Welcome to Portland, Oregon

Gov't / Civics / Community


A nonobvious reason why Portland's close in neighborhoods are so dense, bikeable, and walkable is their development around long gone trolley lines. City Nerd does an excellent job highlighting many of them in this video. It's a great way to get acquainted with the city.


Historically, Portland has enjoyed strong, engaged neighborhood associations. However, due to some fumbles in government, as well as the impact of the pandemic, it seems they have not been as active or effective in recent years. The upcoming change in form of city government will, hopefully, have a positive impact on engagement of neighborhoods with the city.


The U.S. state of Oregon established vote-by-mail as the standard mechanism for voting with Ballot Measure 60, a citizen's initiative, in 1998. The measure made Oregon the first state in the United States to conduct its elections exclusively by mail. The measure passed on November 3, 1998, by a margin of 69.4% to 30.6%. Political scientists say Oregon's vote by mail system contributes to its highest-in-the-nation rate of voter turnout, at 61.5% of eligible voters.
- Via Wikipedia

And it's easy. Your ballot is mailed to you, you complete, sign, and return it in a large, specially marked envelope. You can still vote in person if you like, but voting by mail is much easier.

Register to vote

Getting involved

There are lots of ways to get involved in the community, here are a few:

  • Neighborhood associations. Find yours at PortlandMaps.com, click your location, and then the neighborhood that appears in the info to the right.
  • Hands on Portland. Calendar for volunteer opportunities.
  • NECN. Northeast Coalition of Neighborhoods.
  • Adopt One Block. An excellent program that assigns volunteers to keep a single, local block cleared of trash. Dead simple. I'm a volunteer, so don't leave your gum on the sidewalk, please.
  • City Club of Portland. Nonprofit, nonpartisan civic organization dedicated to community service, civic education, and leadership development. City Club also pushed hard for the change in city government which will take effect in 2024.
  • Rose City Reform. Commentary and in-depth analysis of Portland’s effort to reform City Hall.
  • Quiet Clean PDX - an effort to ban gas-powered leaf blowers which, let's admit, are stinky and loud AF.
  • We Keep Trees Standing – an effort to keep trees standing and plant more trees.
  • PDXReporter - a one stop shop for reporting stuff like potholes, clogged drains, junk in the road, etc. 
Report 'em easily with PDX Reporter

Reporting busted stuff

To help keep the city clean, you can make citizen reports at PDX Reporter. Yes, you'll need a login, but once you mint one, you can report on everything from debris in the road to plugged storm drains. In my experience, the city does a pretty good job of following up on these concerns. It's a one stop shop for reporting problems. Sadly, the domain FixShxtPortland.us was not chosen for this site.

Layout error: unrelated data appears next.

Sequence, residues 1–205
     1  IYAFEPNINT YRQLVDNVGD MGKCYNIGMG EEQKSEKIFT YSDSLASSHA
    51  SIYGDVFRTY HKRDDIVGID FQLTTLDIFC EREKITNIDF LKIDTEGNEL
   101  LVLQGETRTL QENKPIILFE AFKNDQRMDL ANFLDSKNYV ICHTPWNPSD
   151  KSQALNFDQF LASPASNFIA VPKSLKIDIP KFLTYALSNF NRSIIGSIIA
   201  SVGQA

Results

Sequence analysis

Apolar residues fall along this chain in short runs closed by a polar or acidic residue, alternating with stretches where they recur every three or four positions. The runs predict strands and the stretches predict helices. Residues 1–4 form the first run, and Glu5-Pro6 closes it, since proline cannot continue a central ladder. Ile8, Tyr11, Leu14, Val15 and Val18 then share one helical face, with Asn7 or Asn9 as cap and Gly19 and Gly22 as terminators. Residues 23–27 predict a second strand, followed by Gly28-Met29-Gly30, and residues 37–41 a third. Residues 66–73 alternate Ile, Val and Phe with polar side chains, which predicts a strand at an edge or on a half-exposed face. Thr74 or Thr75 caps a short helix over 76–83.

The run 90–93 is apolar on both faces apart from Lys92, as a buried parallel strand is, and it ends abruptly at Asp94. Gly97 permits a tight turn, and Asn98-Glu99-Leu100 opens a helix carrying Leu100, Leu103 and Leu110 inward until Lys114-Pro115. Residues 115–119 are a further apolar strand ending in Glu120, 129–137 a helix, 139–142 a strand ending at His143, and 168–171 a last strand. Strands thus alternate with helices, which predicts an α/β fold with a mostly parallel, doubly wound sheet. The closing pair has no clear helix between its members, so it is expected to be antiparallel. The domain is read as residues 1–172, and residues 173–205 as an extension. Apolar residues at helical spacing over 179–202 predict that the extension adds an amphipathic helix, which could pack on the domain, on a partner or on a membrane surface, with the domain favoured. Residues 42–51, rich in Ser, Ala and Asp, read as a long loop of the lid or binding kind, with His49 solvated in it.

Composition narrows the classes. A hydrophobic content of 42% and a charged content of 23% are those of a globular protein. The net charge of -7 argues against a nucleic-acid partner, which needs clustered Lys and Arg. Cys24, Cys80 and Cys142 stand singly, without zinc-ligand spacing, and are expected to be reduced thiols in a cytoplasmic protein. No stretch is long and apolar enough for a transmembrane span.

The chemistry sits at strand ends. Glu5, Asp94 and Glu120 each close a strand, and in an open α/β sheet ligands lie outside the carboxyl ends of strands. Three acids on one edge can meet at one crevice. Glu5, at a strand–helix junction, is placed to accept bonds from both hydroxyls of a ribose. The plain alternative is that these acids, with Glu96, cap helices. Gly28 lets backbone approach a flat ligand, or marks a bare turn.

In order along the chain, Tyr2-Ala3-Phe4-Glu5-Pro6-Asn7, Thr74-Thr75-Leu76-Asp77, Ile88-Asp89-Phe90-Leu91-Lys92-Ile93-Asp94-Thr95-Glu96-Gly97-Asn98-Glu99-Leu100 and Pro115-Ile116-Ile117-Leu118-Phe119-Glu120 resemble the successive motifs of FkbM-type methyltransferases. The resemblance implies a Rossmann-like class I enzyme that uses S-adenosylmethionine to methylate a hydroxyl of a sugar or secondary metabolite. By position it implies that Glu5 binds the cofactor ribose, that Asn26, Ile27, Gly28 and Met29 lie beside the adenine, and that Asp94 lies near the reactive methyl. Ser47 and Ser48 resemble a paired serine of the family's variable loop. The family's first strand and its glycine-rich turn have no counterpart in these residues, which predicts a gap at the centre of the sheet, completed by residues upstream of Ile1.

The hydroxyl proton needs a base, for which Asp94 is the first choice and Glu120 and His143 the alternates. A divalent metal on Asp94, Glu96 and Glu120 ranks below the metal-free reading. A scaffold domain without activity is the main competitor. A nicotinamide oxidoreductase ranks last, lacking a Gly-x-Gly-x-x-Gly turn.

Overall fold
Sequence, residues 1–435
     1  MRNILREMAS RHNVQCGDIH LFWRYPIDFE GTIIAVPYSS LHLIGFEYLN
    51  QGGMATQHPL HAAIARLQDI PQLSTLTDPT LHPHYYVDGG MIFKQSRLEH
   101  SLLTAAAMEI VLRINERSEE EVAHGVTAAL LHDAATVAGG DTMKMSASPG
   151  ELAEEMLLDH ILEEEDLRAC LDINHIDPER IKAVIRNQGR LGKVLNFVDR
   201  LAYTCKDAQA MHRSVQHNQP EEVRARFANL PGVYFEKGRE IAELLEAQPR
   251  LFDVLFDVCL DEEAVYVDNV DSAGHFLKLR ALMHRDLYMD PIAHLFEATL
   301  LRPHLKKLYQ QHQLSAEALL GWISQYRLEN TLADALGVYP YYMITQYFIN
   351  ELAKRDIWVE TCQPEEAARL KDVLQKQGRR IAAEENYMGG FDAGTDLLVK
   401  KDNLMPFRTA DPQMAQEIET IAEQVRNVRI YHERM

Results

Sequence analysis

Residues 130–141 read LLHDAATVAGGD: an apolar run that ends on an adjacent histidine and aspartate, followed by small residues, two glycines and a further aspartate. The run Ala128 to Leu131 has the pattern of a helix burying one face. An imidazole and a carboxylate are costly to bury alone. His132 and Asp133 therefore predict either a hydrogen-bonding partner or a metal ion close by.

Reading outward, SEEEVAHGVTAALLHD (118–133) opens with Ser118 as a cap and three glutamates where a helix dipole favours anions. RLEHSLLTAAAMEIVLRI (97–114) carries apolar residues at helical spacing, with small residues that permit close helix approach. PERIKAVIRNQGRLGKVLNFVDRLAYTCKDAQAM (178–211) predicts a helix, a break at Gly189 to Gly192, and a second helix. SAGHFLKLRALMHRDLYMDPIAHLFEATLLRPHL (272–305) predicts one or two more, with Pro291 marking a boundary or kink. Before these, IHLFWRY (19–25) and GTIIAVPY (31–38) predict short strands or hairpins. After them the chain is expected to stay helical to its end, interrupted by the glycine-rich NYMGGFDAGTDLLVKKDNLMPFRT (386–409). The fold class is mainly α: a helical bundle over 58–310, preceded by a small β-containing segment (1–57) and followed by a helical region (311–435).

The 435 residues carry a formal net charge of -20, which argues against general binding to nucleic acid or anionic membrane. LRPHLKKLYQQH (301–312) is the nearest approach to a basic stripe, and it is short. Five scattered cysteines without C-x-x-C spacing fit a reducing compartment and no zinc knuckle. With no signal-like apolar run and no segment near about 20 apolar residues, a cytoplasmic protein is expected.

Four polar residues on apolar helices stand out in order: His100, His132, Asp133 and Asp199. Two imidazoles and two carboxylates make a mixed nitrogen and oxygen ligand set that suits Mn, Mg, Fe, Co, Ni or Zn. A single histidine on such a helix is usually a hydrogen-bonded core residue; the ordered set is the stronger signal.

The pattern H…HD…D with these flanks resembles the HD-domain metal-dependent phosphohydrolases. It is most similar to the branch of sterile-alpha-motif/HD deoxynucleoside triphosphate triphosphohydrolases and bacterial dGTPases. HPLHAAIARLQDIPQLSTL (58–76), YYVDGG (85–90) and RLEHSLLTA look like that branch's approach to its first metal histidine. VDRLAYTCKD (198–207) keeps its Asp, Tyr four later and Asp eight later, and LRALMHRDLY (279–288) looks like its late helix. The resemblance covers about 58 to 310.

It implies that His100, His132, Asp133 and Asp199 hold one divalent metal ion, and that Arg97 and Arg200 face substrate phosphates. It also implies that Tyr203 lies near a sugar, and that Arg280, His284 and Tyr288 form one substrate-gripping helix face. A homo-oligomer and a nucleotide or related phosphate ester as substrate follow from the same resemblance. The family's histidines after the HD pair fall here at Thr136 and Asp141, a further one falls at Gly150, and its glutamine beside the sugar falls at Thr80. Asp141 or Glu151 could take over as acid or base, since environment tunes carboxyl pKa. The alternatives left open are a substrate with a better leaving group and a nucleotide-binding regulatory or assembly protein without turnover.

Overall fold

I first visited Portland in 2013 for the World Domination Summit (WDS), a wonderful solo entrepreneurs conference held downtown. The city was bright and bustling, and I rented a bike for the week and rode it everywhere. The sketch factor was pretty low. I returned several more times with the same impression.

However, the pandemic brought long simmering problems of homelessness, drug abuse, and crime, to a head. In some respects, the city is much worse for wear than it was even five years ago. Now, contrary to what your Fox News-obsessed, non-passport having Aunt Margery believes, the city is not "on fire", and it's not a war zone. But the signs of dysfunction are unmistakable. There's lots of blame to go around, perhaps starting with siloed government agencies, a Police Department with a history of sketchy/illegal activity (currently under a consent decree from the US Justice Department) and numerous other factors you can read about if you want to go down that rabbit hole. I believe there is also a cultural problem. The city is far too tolerant of bad/illegal behavior. This quote sums it up better than anything I can say.

"We've made it easy, free and without fear of penalty to do the wrong thing — and expensive and hard to access to do the right thing," Moscow said. "...I've said that I could dump 20 bags of trash in Pioneer Square and drive off without fear of penalty, and I actually believe that to be true based upon the Metro statistics for over 2,000 illegal dumps and a grand total of one fine."

Read full article

Why are there so many homeless people / people using hard drugs in public?

Short answer: lack of planning and coordination by government agencies. The rise of the incredibly dangerous and addictive drug fentanyl. The aforementioned culture of extreme tolerance. Lack of affordable housing options. Lack of available drug treatment.

Further reading


Via Rose City Reform:

In 2022, Portland voters said yes to a new form of government, a new district system, and a new way of electing officials.

For almost 120 years, the City of Roses has used what’s called the “commission form of government”, a Progressive Era relic that puts individual city commissioners in charge of city bureaus. Despite being almost universally rejected as bad city governance, the system has survived eight reform attempts in Portland.

More at Rose City Reform

I don't expect that changing a form of government will solve all the city's problems, but the new structure should provide a much better chance at success. I highly recommend subscribing to Rose City Reform's emails, and to get informed about candidates for city and county office. Who we elect can and will have a major influence on the direction of the city. 

Other resources